Days 242–266 of 1,461 (or 2,922)

More than three weeks without an update, yet I still have a few curious readers! Thank you for your love. A whole lot has happened. With the distance of time, in-the-moment commentary seems a little strange, so I’ll pull back the camera a bit. But every link will be preserved!

  • Aurora. Sandy Hook. Las Vegas. These are not places that we should speak of in somber tones. But we do, and we will continue to do so. There will be more massacres like the one that forever snuffed out the lives of 58 people. It won’t change until our government is forced to control guns. As always, The Onion said it best. I want the Second Amendment repealed.
  • So, once again, the Gop tried to kill us all with a terrible, horrible, no good very bad law. Thankfully, Susan Collins, Rand Paul (!) and John McCain broke rank. They’ll probably try again next year, but for now the ACA remains law.
  • Historians will have to explain how Jimmy Kimmel, who once released a song called “I’m Fucking Ben Affleck,” was key to the collapse of Obamacare repeal.
  • Unfortunately, Trump is still sabotaging the ACA as best he can. He’s taken away the birth control mandate. Congress let CHIP expire. The only good news is the failure of Graham-Cassidy and the (relatively mundane) downfall of Tom Price.
  • Oh yeah, the specter of nuclear annihilation is also with us.
  • It was revolting to see Sean Spicer trotted out at the Emmys like everything was fine. Between this stunt and Jimmy Kimmel’s heartfelt ACA advocacy, I may be readjusting my late night host rankings.
  • American journalism is still normalizing Trump. They haven’t learned a damn thing. How else could Jared’s EMAILS EMAILS EMAILS not be on front pages everywhere?
  • Harvey Weinstein is yet another powerful man who abuses women with that power. Unusually pointed commentary from The Onion on this.
  • “There Is No Free Speech Crisis on Campus.” Trump supporters are the bullies who cry to teacher as soon as you fight back. Being disliked is not the same as being oppressed.
  • In astronomy news, there was a sweet little story on the deorbiting of Cassini. A less sweet story concerns the damage caused to Arecibo among the ongoing devastation in Puerto Rico.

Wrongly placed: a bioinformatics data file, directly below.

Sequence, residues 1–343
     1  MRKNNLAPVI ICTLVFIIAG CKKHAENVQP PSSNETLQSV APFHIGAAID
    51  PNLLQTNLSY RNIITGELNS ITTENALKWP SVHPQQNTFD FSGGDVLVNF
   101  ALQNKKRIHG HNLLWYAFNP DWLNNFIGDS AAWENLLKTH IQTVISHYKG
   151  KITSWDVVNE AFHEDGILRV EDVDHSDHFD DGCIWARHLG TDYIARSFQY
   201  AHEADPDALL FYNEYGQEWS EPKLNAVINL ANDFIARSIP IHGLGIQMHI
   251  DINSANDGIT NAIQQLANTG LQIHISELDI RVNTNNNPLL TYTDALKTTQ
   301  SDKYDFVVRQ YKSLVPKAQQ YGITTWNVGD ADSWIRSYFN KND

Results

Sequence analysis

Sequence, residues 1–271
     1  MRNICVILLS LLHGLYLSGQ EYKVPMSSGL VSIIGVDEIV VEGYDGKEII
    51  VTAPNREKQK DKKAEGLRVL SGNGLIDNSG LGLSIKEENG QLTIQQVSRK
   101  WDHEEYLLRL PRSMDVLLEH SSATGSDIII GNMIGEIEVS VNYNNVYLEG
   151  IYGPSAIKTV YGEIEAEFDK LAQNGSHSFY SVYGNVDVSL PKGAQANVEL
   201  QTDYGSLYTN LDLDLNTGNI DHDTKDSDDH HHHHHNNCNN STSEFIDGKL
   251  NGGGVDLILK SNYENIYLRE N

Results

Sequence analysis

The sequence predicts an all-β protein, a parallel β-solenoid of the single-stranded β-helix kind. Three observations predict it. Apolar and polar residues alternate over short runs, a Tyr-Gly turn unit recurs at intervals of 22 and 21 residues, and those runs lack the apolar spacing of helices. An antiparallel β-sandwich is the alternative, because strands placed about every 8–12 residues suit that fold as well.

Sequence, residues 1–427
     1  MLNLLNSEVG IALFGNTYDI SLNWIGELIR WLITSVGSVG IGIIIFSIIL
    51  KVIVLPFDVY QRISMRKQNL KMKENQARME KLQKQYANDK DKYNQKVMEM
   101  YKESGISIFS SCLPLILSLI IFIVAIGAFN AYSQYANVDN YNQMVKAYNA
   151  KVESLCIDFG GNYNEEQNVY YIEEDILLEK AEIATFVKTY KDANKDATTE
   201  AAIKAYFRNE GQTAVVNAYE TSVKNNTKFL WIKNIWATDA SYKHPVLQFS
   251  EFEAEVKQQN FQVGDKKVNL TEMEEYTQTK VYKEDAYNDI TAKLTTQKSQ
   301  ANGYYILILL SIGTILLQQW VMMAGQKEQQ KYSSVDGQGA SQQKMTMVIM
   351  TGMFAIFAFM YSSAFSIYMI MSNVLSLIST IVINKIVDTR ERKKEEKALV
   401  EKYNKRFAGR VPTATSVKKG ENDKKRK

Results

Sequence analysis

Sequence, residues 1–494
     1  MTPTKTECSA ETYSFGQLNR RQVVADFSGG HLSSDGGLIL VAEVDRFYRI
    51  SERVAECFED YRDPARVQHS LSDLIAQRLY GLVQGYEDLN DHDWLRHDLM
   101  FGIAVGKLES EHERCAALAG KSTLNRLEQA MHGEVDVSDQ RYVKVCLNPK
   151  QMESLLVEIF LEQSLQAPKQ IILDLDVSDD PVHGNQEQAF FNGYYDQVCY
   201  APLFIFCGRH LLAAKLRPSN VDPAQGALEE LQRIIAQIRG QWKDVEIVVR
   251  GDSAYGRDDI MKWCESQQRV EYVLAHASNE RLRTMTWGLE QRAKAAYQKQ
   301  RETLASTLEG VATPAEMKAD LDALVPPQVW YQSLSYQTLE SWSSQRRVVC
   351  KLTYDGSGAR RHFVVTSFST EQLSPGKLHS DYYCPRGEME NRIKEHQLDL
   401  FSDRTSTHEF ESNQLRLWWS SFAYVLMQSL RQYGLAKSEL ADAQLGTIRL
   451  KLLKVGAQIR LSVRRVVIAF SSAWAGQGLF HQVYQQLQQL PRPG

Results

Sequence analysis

• Here’s an interesting article from Waging Nonviolence about an action at the Natural History Museum’s Teddy Roosevelt statue. I feel like his reputation may decline like Wilson’s.
  • Gender reveals. Read about them.
  • Kazuo Ishiguro winning the Nobel Prize made me happier than any other story these past few weeks.
  • Thomas the Tank Engine and Friends reveals a disturbing, autocratic moral philosophy. Sounds like a joke, but it ain’t. I still loved that show.
  • I liked mother!, but it’s not the most pleasant movie. Be warned.
  • The “We Can Do It!” poster does not show Rosie the Riveter, but was in fact a Westinghouse-produced propaganda piece that one day Demotivators would parody. The more you know…
  • The headline to this piece about rats has some flair, but it could have gone much further.
  • And finally, some Wikipedia articles to boggle your mind and close out the post. The Duracell Bunny actually predates the Energizer Bunny! Pablo Fanque, more than just a name from a Beatles song, was the first non-white circus owner in England! The Volkswagen Tiguan has a pathetically awful etymology for its name. And finally, American fried rice is a real Thai dish that functions as a vicious parody of our cuisine, with ingredients like “fried chicken, ham, hot dogs, raisins, ketchup and croutons.” I must try it some day.



Days 231, 232, 233, 234, 235, 236, 237, 238, 239, 240 and 241 of 1,461 (or 2,922)

The world was not ready for an Ace of Base Bond theme.

  • I generally try to put breaking news/imminent doom stuff at the top, but Ta-Nehisi Coates wrote a masterpiece about Trump and it deserves its due. Read “The First White President” now. Then read his interview with Morning Edition for good measure.
  • The Gop has one last chance to repeal the ACA, and it looks like it’s going to take it. All hands on deck!
  • This is how far we’ve come, and this is what we stand to gain. Losing the ACA will be devastating to our cause.
  • The Russia news keeps coming in. I hope the indictments aren’t far behind.
  • If were to compare Hillary to any TV character, I would compare her to Skyler White.
  • China fell for Nixon’s shit and has fallen for Jared and Ivanka’s shit. It’s hard to express how disappointed I am.
  • A lot of new right-wing assholes have come into being lately, but Rush Limbaugh still sucks just as much as before.
  • Rembert Browne wrote a magnificent article on Colin Kaepernick. Kaep is a brave, brave man, and he deserves better.
  • In other football news, Michael Bennett is good and the Patriots suck.
  • Cassini has ended its mission. It was a great space probe.
  • Abe Lincoln’s image management would probably have been a great scandal if he were alive today.
  • Pizza is one of Detroit’s great strengths and I miss it more than coneys.
  • The Onion goes for the deep cut again.
  • What’s better, a Wikipedia article on the “high five” or an article on “New Jersey v. New York”?

Days 223, 224, 225, 226, 227, 228, 229 and 230 of 1,461 (or 2,922)

“Laconicity” or “laconicism”?



Days 221 and 222 of 1,461 (or 2,922)

“Butterfly” is the LAST song that you should do a mournfully slow version of. The DDR gods wept.

  • Trump wanted a deal with Russia during his campaign. Felix Sater bragged that the (aborted) deal would get Trump elected. There are no data points in favor of Trump.
  • Good hate from The Baffler: